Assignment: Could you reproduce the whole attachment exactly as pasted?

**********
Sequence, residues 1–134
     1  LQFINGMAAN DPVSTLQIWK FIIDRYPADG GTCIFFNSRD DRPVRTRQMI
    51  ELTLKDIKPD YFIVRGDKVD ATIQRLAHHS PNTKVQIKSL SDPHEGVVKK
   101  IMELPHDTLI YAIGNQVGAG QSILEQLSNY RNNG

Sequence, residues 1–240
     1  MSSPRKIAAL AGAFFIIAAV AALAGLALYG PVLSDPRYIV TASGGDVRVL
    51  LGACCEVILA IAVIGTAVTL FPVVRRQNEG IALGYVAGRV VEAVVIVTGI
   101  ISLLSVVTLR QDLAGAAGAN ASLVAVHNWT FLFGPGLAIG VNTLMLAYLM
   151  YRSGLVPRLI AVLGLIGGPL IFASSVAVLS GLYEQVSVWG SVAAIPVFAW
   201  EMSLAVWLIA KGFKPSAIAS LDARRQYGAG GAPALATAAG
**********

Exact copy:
Sequence, residues 1–134
     1  LQFINGMAAN DPVSTLQIWK FIIDRYPADG GTCIFFNSRD DRPVRTRQMI
    51  ELTLKDIKPD YFIVRGDKVD ATIQRLAHHS PNTKVQIKSL SDPHEGVVKK
   101  IMELPHDTLI YAIGNQVGAG QSILEQLSNY RNNG

Sequence, residues 1–240
     1  MSSPRKIAAL AGAFFIIAAV AALAGLALYG PVLSDPRYIV TASGGDVRVL
    51  LGACCEVILA IAVIGTAVTL FPVVRRQNEG IALGYVAGRV VEAVVIVTGI
   101  ISLLSVVTLR QDLAGAAGAN ASLVAVHNWT FLFGPGLAIG VNTLMLAYLM
   151  YRSGLVPRLI AVLGLIGGPL IFASSVAVLS GLYEQVSVWG SVAAIPVFAW
   201  EMSLAVWLIA KGFKPSAIAS LDARRQYGAG GAPALATAAG